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BioMed Research International
Volume 2013 (2013), Article ID 629607, 10 pages
http://dx.doi.org/10.1155/2013/629607
Clinical Study

Microbiological Profile of Adenoid Hypertrophy Correlates to Clinical Diagnosis in Children

1Department of Medical Microbiology, Medical and Health Science Center, University of Debrecen, Nagyerdei Krt. 98, Debrecen 4032, Hungary
2Department of Otolaryngology and Head and Neck Surgery, Medical and Health Science Center, University of Debrecen, Nagyerdei Krt. 98, Debrecen 4032, Hungary
3Department of Rheumatology, Medical and Health Science Center, University of Debrecen, Nagyerdei Krt. 98, Debrecen 4032, Hungary

Received 24 April 2013; Accepted 23 August 2013

Academic Editor: Ralph Mösges

Copyright © 2013 Anita Szalmás et al. This is an open access article distributed under the Creative Commons Attribution License, which permits unrestricted use, distribution, and reproduction in any medium, provided the original work is properly cited.

Abstract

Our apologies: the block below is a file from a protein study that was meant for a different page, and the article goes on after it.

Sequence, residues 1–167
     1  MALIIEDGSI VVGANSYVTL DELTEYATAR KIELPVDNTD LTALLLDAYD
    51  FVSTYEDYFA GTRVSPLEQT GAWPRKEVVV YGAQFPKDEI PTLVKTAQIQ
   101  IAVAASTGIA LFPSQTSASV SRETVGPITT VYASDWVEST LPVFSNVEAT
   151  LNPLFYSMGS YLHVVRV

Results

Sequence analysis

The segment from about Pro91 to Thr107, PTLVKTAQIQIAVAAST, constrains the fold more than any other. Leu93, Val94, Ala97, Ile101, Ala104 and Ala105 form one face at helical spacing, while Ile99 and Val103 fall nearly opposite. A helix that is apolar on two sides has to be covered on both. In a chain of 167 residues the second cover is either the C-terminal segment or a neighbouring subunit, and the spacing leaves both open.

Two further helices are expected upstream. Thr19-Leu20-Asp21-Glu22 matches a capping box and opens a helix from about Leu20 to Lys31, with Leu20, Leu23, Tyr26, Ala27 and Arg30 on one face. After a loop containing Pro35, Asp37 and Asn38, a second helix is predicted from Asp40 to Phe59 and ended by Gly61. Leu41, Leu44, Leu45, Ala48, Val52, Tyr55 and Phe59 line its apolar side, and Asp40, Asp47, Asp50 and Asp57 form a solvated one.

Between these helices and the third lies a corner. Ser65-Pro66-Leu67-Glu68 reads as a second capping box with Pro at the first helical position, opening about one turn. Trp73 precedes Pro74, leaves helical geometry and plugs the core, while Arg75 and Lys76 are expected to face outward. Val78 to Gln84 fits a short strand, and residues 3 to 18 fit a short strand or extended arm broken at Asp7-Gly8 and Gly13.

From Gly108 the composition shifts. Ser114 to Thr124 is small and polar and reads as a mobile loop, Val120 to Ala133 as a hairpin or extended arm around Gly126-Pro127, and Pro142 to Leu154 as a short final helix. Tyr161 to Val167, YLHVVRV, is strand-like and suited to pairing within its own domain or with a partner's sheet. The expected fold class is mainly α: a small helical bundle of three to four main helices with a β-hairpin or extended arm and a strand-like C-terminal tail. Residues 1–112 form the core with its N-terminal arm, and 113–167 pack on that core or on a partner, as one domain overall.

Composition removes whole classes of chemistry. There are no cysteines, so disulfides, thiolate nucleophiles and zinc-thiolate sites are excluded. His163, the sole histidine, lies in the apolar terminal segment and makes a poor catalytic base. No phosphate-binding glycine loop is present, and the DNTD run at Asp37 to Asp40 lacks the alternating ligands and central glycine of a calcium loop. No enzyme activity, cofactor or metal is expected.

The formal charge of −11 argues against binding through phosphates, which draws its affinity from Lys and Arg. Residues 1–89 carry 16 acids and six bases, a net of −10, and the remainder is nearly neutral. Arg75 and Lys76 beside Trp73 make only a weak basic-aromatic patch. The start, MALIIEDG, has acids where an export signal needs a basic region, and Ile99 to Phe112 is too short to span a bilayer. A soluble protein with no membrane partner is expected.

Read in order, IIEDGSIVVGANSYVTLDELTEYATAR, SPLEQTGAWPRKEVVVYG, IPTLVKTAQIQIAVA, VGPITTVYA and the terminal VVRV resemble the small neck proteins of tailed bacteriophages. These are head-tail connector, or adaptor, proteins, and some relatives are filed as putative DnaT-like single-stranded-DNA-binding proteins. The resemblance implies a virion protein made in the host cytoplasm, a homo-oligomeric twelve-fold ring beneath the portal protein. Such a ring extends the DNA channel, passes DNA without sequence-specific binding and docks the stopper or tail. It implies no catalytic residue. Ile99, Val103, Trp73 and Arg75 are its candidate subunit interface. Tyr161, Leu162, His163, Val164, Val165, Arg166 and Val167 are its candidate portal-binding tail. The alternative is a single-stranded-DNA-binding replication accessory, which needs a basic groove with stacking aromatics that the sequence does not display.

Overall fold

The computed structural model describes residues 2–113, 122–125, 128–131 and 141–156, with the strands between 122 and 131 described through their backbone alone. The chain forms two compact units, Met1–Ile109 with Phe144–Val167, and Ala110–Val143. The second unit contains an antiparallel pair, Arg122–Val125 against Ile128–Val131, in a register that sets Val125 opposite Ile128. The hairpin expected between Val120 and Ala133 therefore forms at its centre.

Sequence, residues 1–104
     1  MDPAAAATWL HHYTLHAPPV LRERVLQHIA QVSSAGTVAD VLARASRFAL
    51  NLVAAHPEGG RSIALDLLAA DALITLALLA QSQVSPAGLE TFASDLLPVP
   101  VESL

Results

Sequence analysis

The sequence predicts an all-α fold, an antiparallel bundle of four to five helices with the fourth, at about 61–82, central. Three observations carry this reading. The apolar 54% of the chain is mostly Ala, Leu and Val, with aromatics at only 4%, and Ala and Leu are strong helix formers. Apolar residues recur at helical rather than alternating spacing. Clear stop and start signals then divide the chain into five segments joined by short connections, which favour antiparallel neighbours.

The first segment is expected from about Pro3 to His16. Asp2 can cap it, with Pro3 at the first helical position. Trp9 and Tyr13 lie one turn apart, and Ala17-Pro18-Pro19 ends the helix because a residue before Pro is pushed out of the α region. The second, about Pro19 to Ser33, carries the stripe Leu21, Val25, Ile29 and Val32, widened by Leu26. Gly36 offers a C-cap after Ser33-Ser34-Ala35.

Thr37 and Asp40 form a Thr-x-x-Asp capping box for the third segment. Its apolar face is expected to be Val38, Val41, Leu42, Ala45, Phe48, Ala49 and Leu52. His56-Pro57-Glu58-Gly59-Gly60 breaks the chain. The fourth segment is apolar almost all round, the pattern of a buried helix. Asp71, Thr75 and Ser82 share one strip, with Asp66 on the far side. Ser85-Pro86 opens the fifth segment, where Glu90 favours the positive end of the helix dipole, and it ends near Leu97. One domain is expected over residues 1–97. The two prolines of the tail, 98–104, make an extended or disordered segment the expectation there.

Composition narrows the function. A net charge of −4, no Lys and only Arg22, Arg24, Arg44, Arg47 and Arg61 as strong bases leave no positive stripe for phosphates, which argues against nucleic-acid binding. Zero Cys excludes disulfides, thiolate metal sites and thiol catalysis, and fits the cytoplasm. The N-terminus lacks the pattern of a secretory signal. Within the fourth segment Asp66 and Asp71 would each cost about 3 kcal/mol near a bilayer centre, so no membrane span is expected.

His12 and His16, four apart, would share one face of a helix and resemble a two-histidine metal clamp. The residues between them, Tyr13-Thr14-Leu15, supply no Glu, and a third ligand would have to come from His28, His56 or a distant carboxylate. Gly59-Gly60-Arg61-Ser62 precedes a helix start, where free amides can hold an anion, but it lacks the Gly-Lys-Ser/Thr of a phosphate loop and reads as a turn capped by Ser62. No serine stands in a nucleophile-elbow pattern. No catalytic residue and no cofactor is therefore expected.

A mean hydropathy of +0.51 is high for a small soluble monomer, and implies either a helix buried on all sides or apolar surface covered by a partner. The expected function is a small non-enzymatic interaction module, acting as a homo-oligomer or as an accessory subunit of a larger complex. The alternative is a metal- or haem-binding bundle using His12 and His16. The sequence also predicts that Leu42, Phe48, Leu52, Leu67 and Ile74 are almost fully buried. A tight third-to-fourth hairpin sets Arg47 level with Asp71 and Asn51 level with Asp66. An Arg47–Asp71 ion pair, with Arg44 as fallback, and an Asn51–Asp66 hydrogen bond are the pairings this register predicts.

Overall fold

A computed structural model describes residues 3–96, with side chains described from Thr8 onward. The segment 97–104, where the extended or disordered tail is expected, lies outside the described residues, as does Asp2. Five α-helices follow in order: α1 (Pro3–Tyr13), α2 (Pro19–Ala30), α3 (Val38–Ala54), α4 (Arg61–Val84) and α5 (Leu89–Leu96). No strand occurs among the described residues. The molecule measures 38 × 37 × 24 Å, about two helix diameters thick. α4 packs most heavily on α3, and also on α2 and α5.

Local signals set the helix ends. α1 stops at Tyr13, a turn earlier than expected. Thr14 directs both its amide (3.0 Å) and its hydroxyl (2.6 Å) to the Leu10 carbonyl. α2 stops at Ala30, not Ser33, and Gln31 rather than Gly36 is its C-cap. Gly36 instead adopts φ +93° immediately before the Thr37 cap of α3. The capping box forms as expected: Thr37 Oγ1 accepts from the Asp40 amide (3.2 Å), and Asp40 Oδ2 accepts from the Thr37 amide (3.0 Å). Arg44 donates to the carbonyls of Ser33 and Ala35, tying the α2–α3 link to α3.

Objective. Adenoid hypertrophy is a common condition in childhood, which may be associated with recurring acute otitis media (RAOM), otitis media with effusion (OME), and obstructive sleep apnea syndrome (OSAS). These different clinical characteristics have some clinical overlap; however, they might be explained by distinct immunologic and infectious profiles and result in various histopathologic findings of adenoid specimens. Methods. A total of 59 children with adenoid hypertrophy undergoing adenoidectomy were studied. Three series of identical adenoid specimens were processed to hematoxylin-eosin (H.E.) and Gram staining and to respiratory virus specific real-time PCR, respectively. Results. According to the clinical characteristics, patients were recruited into three groups: RAOM (). Bacterial biofilms were detected in 21 cases, while at least one of the studied respiratory viruses was detected in 52 specimens. RAOM cases were significantly associated with biofilm existence (). In contrast, OME group was characterized by the absence of bacterial biofilm and by normal mucosa. Showing a statistically significant correlation, all OME cases were positive for human bocavirus (HBoV, ). Conclusions. Bacterial biofilms might contribute to the damage of respiratory epithelium and recurring acute infections resulting in RAOM. In OME cases persisting respiratory viruses, mainly HBoV, can cause subsequent lymphoid hyperplasia leading to ventilation disorders and impaired immunoreactivity of the middle ear cleft.